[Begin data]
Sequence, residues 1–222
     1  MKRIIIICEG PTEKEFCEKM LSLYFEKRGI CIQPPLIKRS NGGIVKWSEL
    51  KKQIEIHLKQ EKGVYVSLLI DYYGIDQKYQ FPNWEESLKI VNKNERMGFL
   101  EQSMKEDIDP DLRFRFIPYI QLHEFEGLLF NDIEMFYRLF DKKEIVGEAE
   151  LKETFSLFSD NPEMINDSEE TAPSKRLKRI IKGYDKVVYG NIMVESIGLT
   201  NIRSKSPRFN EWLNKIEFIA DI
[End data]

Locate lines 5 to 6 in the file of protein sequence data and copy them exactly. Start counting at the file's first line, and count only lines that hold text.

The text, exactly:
   151  LKETFSLFSD NPEMINDSEE TAPSKRLKRI IKGYDKVVYG NIMVESIGLT
   201  NIRSKSPRFN EWLNKIEFIA DI